Uncle Bernard was becoming bored with sitting in his drawer. Although he liked to be raised above the other dogs – he considered it to be quite right and proper that a person of his age and infirmity should be granted certain privileges – he was now looking forward to his late morning ritual of a little gentle exercise. He fidgeted irritably. Bevis, stretched out on his side on the flagstones in a puddle of early May sunshine, rolled a sympathetic eye upwards but didn’t move until he heard the sound of a car’s engine. Both dogs grew alert, ears cocked, listening to familiar sounds: the crunch of tyres, the slam of a door, Roly Carradine’s footsteps crossing the yard.
As the door opened the telephone on the deep-set slate windowsill began to ring. Roly dropped a bulging plastic bag onto a chair, gave Bevis a quick pat and hastened to answer it.
‘Mim! How did it go?’ His deep flexible voice was warm with interest. ‘I didn’t dare phone after your description of the dress rehearsal. . . . Really? What a relief . . .’ Roly sank into a wicker chair, cradling the telephone between his ear and shoulder as he listened to his sister’s excited voice, pulling Bevis’s ears as the big retriever pushed his head against his outstretched legs. Her voice changed down a gear and Roly’s cheerful expression altered to one of frowning concentration. ‘Who? Who did you say? Daisy Quin? Yes. Yes, the name is familiar. . . A serious injury? . . . Yes, I don’t see why not. How long would she stay? . . . No, that’s fine. And you’ll be down by then? . . . OK. . . . Look, shall we talk again later? I’ve just got in, Uncle Bernard is whining to go out, and I’ve just fetched a foster and she’s still in the back of the car. . . . About five o’clock then? Bye.’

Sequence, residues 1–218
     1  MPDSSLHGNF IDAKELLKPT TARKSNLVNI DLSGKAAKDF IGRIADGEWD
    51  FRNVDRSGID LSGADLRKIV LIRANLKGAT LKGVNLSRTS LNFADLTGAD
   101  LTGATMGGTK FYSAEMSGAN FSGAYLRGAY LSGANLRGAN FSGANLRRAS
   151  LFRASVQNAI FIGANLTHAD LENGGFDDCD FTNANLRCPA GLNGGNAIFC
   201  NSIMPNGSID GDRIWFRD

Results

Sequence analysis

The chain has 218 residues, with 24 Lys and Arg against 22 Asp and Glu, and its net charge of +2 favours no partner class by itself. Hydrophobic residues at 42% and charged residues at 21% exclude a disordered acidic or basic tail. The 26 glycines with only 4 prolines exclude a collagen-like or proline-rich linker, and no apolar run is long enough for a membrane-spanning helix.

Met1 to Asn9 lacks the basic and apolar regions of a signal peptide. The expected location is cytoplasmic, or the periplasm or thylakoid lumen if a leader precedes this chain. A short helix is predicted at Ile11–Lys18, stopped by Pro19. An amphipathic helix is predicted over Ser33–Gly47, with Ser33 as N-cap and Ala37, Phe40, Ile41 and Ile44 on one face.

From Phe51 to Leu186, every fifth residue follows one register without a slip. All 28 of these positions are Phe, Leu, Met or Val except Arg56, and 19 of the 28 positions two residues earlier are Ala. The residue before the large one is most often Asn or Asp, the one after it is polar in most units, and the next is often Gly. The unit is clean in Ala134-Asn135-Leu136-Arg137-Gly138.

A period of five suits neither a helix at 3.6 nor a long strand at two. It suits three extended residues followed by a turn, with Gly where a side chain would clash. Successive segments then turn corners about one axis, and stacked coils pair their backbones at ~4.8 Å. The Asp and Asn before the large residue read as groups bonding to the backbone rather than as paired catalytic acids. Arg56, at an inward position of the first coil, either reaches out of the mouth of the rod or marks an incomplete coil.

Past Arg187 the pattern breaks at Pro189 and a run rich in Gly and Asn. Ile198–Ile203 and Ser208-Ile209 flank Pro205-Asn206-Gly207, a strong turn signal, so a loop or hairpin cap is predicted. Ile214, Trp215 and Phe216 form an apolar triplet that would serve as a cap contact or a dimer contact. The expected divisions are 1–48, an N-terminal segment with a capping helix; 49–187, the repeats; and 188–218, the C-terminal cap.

He remained quite still for a moment, his face thoughtful, until Uncle Bernard – indignant at such a disrespectful lack of concern – yelped sharply to remind him of his duties.
‘Sorry, old fellow.’ Roly pushed Bevis aside and went to the battered pine chest, the top drawer of which was the elderly miniature rough-coated dachshund’s sanctuary. ‘Out you come.’
He lifted him down and watched him patter importantly – if rather stiffly – out into the yard, followed by Bevis who went to look at the newcomer sitting rather anxiously in the back of Roly’s estate car. For the last few years, since he’d announced his early retirement and closed his photographic studio in London, Roly had been fostering dogs for the local retriever rescue society. Bevis and Uncle Bernard were quite accustomed to dealing with a procession of misfits from broken relationships, bewildered puppies abandoned as soon as their charm wore thin a few weeks after Christmas, and faithful companions whose owners had died or been moved into residential accommodation. Here they stayed until homes could be found for them.